21. The Voynich manuscript depict buildings with red roofs and onion domes. In addition, the swallowtail crenellations may or may not indicate certain regions such as northern Italy or the Khanate of Kazan. Further study is needed on the architecture rendered in the manuscript to try to pinpoint a possible point of origin.
  22. The Voynich manuscript depicts the typical implements of a north European sauna/spa/banya: a bucket and spoons. Tracing this tradition throughout history, especially with regard to its use in childbirth and applying correlations to the Voynich manuscript could shed light on the work's origin and cultural context.

Wednesday, December 7, 2016

A Voynich Word List

Here are over 90 words found in the Voynich manuscript transcribed and translated. You can find an ongoing spreadsheet with these words here: Voynich Lexicon

For the transcription alphabet and an explanation of how it was derived, go to Transcription Alphabet and The Handwriting.

For an introduction to this blog, the Voynich manuscript, and the theory covered in this blog, go to Introduction

For a discussion on the language candidates for Voynichese and why it appears to be a mixture of Balto-Finnic and Old Norse with some Slavic, go to Language Candidates.

In Finnish, the word elokuu and elokuussa signify August (crop month)

tet: Finnish (personal, dialectal, including Kven) you (plural; in archaic English: ye)

Esaikkaisa, a word found on f23r could be an old spelling of the Sami word Isogaisa meaning superb.

Torup is in fact a name used throughout a region in western Denmark, as follows:

Graphic possibly on the spring thaw

Voynich word
Possible Meaning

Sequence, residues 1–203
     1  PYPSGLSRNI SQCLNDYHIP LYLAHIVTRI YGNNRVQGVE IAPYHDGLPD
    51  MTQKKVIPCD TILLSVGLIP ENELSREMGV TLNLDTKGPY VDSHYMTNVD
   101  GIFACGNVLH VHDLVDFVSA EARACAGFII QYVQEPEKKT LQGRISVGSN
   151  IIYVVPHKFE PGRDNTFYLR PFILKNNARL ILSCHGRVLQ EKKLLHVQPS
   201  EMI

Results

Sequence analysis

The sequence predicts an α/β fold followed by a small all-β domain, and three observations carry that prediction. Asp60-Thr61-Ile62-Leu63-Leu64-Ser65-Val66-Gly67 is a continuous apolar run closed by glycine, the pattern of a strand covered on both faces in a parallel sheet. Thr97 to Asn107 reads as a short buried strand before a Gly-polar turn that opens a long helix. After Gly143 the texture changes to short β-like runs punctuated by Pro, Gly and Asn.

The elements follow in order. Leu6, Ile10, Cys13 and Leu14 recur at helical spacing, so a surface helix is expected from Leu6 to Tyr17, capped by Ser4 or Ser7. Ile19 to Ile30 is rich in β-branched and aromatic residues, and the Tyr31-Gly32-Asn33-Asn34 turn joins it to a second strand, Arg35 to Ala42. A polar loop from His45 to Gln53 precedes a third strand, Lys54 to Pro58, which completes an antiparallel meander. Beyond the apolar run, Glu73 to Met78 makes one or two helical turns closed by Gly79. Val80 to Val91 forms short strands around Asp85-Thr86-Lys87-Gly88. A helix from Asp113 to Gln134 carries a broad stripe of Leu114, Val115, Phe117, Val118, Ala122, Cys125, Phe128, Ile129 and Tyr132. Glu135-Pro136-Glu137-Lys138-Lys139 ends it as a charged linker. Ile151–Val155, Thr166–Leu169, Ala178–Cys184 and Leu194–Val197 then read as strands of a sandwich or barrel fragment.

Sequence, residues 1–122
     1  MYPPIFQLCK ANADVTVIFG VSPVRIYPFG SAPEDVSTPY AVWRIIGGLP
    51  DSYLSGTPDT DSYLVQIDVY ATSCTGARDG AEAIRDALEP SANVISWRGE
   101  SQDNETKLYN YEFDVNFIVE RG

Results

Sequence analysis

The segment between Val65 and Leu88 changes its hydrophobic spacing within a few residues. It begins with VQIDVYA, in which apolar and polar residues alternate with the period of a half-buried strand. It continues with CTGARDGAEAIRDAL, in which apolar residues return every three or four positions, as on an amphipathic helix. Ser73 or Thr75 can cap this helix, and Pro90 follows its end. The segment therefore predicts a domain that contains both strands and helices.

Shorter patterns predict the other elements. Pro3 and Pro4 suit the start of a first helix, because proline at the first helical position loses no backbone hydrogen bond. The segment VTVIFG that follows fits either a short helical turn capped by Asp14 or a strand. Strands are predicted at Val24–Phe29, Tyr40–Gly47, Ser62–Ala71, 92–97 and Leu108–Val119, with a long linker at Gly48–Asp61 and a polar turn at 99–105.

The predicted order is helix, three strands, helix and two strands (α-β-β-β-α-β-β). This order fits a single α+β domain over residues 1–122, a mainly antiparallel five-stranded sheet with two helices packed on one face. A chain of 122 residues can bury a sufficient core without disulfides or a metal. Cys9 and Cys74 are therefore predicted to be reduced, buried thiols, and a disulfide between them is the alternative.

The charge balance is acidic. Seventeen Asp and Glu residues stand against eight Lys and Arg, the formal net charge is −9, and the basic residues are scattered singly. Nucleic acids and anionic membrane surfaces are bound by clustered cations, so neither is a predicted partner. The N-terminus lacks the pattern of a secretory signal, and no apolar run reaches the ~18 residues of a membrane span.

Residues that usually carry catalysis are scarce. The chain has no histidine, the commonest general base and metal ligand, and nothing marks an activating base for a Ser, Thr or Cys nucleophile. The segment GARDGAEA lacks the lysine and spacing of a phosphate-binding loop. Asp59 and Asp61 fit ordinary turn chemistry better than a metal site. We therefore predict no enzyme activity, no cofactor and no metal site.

play (I'm at last taking basic Norwegian and this word is now an absolute no-brainer)
A start, beginning, inception, incipience. (Finnish) Partitive singular form of alku.  From the verb alkaa (“to begin”) + -u.
From Proto-Finnic *alkadak, from Proto-Uralic *alka- (“beginning”). Cognates include Mansi овл (ōwl, “head”).
Name of a nature deity akin to Lagran Madre, la Madre de i dei, Ope (Ops), Cibelle, Vesta, Ceres, Proserpina, and others* Phes - From Proto-Indo-European *bʰehos (compare φάω (pháō), φαίνω (phaínō)). Cognates include Latin iubar (“radiance, light”), Sanskrit (bhās, “light, brilliance”),  (bhāsa, “luster, light”), and Old English basu (“purple”).
heat  (Finnish)
summer/gather/fallow (related to Proto-Finnic *kesä; Proto-Samic *keasē.)
when - From Old Norse þá and þó (adverb); and Old Norse þá er (when, conjunction), and German da (because, conjunction)
walk or path (Livonian)
to go, to travel. From Old Norse fara, from Proto-Germanic *faraną, from Proto-Indo-European *por- (“going, passage”).
refresh, waken
(a keperss)
From Middle Dutch keper, from Latin capreus, capreō, from caper (“male goat”), the same metonymy as modern Dutch bok. Cognate with Middle High German kepfer, French chevron.
the elk
kind (of animals)
south: from Old Norse suðr, from Proto-
Germanic *sunþrą.
moon/month - From Proto-Finnic *kuu, From Proto-Uralic *kuŋe. Cognates include Estonian
kuu and Hungarian hold.
thus or also
to go, to travel. From Old Norse fara, from Proto-Germanic *faraną, from Proto-Indo-European *por- (“going, passage”).
a fish in Germany/Poland OR a river in Poland called the Ukleja (formerly
in Livonia)
make a musical sound